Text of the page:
I have tried hard to avoid any reference to politics whilst the general election was in progress, but thankfully it is now over and we can all move on. Three flawed leaders from the main parties fought to win our votes over the last few weeks. I spoke to quite a few people before polling, who simply did not know who to vote for and I count myself amongst them. My original vote in the referendum to remain, has seen me tussle with my desire to see democracy be the winner. In the end I think that has been achieved and whatever your views on Brexit might be, the people have spoken. We now, especially in farming, need to make sure that we work to protect our industry from substandard imports and ill thought out policy. It is time to put away the arguments of the last three and half years and concentrate on how we set out the future for our great industry. We will all need to play our part in lobbying the new government to ensure future policy has food production and the stewardship of the countryside towards the top of their agenda.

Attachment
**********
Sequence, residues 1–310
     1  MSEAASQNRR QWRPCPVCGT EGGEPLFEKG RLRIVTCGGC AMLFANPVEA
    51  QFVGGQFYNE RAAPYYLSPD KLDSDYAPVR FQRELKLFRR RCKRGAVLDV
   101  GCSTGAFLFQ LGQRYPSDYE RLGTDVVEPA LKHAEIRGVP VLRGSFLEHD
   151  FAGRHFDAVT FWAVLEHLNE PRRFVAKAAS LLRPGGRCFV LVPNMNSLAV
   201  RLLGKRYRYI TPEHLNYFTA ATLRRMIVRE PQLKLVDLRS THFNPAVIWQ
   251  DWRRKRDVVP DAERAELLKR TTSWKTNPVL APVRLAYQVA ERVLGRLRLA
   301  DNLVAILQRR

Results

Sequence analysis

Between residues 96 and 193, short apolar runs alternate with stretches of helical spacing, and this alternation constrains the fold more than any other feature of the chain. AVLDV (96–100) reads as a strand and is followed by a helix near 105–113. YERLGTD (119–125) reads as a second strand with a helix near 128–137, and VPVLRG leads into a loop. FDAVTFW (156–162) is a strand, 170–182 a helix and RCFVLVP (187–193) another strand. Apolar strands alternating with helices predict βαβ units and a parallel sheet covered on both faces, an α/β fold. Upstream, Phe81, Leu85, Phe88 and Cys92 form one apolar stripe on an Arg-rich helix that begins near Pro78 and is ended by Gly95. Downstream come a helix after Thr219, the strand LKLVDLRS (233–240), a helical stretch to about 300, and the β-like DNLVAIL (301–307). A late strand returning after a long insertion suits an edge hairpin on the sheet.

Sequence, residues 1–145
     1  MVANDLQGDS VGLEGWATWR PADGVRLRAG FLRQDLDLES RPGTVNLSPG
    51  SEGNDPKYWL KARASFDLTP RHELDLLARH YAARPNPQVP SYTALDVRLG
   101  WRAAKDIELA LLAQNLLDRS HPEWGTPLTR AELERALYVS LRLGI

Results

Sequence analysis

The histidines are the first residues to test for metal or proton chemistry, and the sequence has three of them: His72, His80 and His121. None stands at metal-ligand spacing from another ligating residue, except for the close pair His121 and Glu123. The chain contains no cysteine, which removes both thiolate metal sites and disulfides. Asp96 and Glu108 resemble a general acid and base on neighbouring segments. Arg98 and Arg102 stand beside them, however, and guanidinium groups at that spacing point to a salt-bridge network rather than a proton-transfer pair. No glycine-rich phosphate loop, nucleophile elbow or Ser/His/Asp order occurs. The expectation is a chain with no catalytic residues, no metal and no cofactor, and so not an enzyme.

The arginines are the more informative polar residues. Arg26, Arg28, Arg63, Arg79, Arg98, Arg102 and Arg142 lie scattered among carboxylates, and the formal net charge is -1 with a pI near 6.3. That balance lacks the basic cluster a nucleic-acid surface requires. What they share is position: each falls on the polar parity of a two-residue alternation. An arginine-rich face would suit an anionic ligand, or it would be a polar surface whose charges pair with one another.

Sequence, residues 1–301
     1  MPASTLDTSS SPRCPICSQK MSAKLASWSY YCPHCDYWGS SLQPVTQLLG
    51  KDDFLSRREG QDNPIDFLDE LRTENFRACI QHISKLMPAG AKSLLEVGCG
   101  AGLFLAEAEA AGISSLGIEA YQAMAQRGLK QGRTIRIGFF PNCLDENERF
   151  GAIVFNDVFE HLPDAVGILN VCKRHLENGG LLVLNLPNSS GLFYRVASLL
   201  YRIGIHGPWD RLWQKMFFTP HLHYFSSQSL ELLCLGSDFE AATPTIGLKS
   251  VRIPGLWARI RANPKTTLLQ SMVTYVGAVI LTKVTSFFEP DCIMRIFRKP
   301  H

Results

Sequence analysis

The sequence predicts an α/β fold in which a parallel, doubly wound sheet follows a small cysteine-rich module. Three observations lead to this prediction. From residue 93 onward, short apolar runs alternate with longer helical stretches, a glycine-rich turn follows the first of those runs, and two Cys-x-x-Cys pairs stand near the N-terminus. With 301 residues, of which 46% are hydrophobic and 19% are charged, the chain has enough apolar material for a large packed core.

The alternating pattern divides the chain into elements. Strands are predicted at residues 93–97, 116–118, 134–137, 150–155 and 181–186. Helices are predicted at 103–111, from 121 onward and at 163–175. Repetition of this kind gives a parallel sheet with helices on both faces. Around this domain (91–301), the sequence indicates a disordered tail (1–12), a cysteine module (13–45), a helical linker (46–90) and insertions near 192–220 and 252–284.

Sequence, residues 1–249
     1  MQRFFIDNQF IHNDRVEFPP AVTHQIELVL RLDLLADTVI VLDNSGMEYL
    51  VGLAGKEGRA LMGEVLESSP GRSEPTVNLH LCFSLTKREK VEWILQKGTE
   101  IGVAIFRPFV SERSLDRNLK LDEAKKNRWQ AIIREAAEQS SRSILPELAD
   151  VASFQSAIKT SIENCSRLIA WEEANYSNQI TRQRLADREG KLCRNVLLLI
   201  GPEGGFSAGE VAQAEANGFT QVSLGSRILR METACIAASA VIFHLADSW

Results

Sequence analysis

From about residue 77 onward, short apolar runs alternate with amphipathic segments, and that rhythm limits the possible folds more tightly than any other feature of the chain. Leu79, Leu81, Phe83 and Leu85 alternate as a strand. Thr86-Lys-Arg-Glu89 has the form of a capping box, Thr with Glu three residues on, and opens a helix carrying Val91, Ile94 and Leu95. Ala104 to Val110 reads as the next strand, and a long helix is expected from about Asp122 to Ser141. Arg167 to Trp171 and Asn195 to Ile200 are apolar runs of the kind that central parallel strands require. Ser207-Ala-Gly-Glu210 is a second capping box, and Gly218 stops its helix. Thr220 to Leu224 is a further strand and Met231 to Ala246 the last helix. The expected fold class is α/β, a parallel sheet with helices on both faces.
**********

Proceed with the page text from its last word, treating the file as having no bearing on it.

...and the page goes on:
Meanwhile, with another 18mm of rain falling on polling day, to add to the 18mm that has already fallen in December, it is fair to say we are no further forward. In fact some of what is in the ground is going backwards. Both wheat and especially the barley are really struggling where ever the clay content of the soil is higher. As the photo above shows, seed is now rotting in the saturated soils. Should it have stayed in the bag? I don’t think so. This particular patch of ground sits at one end of a gravel field and probably represents less than 10% of the area. Some fields are much better, others are worse. We still have about 35% of the wheat area to drill.
At least it looks like we will all get to spend sometime with our families over Christmas. We will hope for a better January, to once again allow us back into the fields. Let’s get drilling done!